Unfair Prejudice Claims

In a business, the Shareholders’ Agreement and/or Articles of Association outline the voting requirements for certain decisions. And yet, shareholders frequently disagree on decisions of the company.

What is unfair prejudice?

Unfair prejudice is where a company’s affairs have been, or will be, carried out in a way that unfairly prejudices the business’ members or a part of the membership, including at least the petitioner.

Often, the majority shareholders carry out these affairs in a way that unfairly prejudices the interests of the minority shareholders.

In the event of a dispute, a minority shareholder is unlikely to have the required votes in their favour. After a number of these disputes, the minority shareholder can feel as if they have shares in a business that they have no say over.

Blog | What are my rights as a minority shareholder?

As a minority shareholder, you have rights if you are being prevented from running your business. In short, you can apply to the court for relief if the affairs are being conducted in a manner that is unfairly prejudicial to your interest as a shareholder.

Unfair prejudice claims are brought under section 994 of the Companies Act. The court’s powers are wide and can include ordering the majority shareholder to purchase the minority shareholder’s shares (with the discount for the minority shareholding being ignored).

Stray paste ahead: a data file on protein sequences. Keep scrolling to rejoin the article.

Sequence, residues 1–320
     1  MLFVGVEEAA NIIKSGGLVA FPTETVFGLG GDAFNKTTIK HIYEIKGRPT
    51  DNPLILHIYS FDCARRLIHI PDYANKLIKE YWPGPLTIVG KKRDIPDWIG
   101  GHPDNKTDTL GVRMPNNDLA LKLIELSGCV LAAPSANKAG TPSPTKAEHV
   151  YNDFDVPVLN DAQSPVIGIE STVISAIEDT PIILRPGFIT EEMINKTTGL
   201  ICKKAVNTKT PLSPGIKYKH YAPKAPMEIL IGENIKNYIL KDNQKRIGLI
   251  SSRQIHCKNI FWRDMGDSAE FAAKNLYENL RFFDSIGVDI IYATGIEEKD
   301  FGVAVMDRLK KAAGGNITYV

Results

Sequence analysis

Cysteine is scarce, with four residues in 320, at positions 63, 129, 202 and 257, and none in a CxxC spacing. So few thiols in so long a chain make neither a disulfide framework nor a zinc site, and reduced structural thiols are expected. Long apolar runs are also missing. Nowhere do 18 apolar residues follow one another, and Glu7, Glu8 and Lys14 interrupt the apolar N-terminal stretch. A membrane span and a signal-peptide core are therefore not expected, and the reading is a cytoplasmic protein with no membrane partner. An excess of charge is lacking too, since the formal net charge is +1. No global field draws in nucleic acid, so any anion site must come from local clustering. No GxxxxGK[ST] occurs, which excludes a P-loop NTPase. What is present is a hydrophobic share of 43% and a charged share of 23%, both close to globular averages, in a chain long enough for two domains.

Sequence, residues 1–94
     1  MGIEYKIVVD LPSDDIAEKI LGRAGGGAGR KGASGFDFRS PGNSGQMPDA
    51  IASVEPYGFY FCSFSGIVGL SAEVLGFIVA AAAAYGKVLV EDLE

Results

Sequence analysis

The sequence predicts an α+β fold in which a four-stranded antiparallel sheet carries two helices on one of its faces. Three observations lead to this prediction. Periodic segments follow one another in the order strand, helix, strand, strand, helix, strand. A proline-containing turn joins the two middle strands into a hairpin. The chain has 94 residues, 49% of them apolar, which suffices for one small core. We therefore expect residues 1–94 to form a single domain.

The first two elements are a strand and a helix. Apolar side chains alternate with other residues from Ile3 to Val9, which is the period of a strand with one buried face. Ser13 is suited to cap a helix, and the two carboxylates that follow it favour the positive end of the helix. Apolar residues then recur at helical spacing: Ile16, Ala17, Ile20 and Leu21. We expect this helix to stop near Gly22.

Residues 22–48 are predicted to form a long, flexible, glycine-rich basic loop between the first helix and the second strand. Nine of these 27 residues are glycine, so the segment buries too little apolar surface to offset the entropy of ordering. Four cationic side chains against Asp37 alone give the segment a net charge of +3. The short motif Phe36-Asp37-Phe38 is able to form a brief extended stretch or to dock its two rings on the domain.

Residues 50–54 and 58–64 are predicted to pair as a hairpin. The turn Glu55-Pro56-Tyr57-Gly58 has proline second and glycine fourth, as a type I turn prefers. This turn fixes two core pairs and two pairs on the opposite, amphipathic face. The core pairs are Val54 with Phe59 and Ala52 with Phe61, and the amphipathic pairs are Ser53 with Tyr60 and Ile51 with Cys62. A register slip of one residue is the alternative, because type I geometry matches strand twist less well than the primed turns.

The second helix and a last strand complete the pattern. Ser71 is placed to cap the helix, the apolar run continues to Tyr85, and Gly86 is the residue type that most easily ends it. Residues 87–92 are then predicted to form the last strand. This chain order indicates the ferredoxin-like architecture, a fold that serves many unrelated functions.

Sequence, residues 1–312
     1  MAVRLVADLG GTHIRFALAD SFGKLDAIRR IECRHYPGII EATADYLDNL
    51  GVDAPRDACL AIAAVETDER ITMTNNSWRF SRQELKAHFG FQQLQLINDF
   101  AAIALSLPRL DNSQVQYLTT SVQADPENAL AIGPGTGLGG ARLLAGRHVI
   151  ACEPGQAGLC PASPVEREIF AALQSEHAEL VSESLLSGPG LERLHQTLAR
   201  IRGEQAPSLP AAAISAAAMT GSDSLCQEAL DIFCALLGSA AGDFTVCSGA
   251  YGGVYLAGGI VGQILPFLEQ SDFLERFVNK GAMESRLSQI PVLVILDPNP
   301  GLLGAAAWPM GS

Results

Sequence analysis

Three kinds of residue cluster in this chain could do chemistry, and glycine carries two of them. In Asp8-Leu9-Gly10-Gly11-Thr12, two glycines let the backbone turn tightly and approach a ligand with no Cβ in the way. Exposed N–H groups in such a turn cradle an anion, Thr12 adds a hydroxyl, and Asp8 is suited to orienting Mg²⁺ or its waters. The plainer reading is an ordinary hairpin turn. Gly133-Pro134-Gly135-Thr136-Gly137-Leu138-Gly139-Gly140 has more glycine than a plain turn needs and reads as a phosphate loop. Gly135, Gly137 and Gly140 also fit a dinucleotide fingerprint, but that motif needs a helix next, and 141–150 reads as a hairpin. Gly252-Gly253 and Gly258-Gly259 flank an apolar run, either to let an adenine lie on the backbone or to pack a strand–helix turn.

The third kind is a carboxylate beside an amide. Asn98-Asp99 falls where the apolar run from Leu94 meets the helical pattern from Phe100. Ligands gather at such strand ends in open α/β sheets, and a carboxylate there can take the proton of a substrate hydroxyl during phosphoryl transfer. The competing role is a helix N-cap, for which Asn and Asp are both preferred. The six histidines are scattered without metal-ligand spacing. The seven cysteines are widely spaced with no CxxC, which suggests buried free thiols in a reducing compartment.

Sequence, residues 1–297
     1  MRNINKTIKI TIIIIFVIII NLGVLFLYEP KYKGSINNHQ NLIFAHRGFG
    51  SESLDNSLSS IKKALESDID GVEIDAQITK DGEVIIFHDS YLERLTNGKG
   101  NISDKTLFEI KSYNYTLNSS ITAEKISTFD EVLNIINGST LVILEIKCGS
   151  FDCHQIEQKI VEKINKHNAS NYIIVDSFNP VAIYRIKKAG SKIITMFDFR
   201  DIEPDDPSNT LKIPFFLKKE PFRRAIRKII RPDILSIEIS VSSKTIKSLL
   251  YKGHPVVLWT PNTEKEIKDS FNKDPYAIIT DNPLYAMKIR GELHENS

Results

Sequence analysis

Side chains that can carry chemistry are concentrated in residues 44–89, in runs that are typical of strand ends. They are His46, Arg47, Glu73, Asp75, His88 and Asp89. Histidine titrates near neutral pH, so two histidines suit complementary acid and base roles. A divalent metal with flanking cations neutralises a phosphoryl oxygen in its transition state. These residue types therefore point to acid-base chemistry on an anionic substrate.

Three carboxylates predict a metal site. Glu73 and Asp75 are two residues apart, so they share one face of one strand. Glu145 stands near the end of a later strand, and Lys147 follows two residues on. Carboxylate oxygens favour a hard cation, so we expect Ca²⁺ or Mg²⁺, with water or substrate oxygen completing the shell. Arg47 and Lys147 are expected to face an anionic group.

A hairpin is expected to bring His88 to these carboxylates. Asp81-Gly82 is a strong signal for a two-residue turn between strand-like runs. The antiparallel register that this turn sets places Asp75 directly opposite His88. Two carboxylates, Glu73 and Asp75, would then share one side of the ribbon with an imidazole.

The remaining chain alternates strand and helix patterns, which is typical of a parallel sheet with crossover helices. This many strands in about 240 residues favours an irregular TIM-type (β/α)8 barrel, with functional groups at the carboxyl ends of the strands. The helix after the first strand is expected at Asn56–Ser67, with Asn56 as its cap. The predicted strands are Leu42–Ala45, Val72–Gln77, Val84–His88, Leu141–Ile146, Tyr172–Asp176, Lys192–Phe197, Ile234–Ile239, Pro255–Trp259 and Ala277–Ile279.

Majority shareholders will also need to ensure that they are not opening themselves up to an unfair prejudice claim. The court’s power has, in exceptional circumstances, ordered the majority shareholder to sell its shares to the minority shareholder.

The minority shareholder will need to petition to the court evidencing that the conduct or act is unfairly prejudicial. They will need to prove that it is not merely a disagreement or bad commercial decision.

Further information

In unfair prejudice claims, the court will consider the promptness of any application from the date of the act. Therefore, it’s advisable to seek legal advice immediately (and prior to making an application) if you think that you are being unfairly prejudiced.

For straightforward and practical help and advice, speak to our commercial dispute lawyers in Bristol and South Gloucestershire on 0117 325 2929 or complete our online enquiry form.

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